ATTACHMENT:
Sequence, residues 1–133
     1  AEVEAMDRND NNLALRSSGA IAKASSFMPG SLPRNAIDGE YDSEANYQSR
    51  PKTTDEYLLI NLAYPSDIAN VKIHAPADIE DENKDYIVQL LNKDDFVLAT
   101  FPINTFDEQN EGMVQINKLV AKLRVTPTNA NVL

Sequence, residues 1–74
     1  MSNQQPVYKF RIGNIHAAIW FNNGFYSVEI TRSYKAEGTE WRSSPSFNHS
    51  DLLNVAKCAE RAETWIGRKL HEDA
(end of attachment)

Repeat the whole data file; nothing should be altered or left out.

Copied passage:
Sequence, residues 1–133
     1  AEVEAMDRND NNLALRSSGA IAKASSFMPG SLPRNAIDGE YDSEANYQSR
    51  PKTTDEYLLI NLAYPSDIAN VKIHAPADIE DENKDYIVQL LNKDDFVLAT
   101  FPINTFDEQN EGMVQINKLV AKLRVTPTNA NVL

Sequence, residues 1–74
     1  MSNQQPVYKF RIGNIHAAIW FNNGFYSVEI TRSYKAEGTE WRSSPSFNHS
    51  DLLNVAKCAE RAETWIGRKL HEDA